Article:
My Grandfather & World War- ANZAC Day 2015



100 years ago on 25th April,  a dramatic World War One battle impacted Australia and New Zealand when soldiers from both countries supported the British attempt to take control of the northern bank of the Dardanelles as part of the campaign to capture Constantinople (now) Istanbul in Turkey. 100,000 men perished in eight months over this failed attempt.


The date of the landing, is known as “Anzac Day” (Australian and New Zealand Army Corp) and is commemorated by hundreds of thousands across both countries and Turkey, every April 25th. Yesterday, I attended a dawn commemoration with 120 000 people to pay tribute to my Grandfather (pictured in uniform below left).

image0He missed Gallipoli because he was not immediately accepted into the military. When he was shipped to Europe from Australia, he ended up in France at  a major battle at Bullecourt, France, on 3 and 4 May, 1917.

He was in the eighth wave of men to go across the line through hundreds of yards of barbed wire to the German side. “We were totally wiped out” All six of his mates in that wave were killed. Four were machine gunned. His other mate was blown to pieces by a German shell. The shell injured grandfather and he “lay there all day and all night”.  He sang a hymn over and over again to take his mind off the pain and remind himself that God was with him.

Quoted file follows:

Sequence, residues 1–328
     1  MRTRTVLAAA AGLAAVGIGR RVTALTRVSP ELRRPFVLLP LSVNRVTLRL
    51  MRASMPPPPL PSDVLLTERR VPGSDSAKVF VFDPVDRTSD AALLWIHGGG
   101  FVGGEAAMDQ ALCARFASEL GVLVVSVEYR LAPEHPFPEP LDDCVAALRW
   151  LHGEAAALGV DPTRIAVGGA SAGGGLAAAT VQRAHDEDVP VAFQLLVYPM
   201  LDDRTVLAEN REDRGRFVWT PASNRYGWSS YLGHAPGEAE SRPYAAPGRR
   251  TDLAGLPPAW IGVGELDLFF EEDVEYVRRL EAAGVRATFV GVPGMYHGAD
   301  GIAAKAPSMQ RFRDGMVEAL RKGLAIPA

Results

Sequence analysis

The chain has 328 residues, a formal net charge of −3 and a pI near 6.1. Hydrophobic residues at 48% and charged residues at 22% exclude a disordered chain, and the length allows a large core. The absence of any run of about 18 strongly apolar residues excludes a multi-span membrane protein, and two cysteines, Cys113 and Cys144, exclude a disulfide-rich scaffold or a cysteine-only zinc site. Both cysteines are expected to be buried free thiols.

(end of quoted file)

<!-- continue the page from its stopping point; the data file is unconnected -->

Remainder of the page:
He went back to England to recuperate. He returned to the field and was (I understand) involved in the Second Battle of Villers-Bretonneux between 24–27 April 1918 where he was injured again. Back to England and back to hospital.
He lived until 1992 when he passed days before his 98th birthday.Dad3 (2)
He said “war is a dreadful way of solving international disagreements“. RIP.
Whatever you feel about war, if you are ever in Australia or New Zealand in April, join a dawn memorial. It is very moving and challenging.


  1. A lovely tribute to your grandfather. Thank you for recognising Anzac Day in your blog. Lest We Forget.

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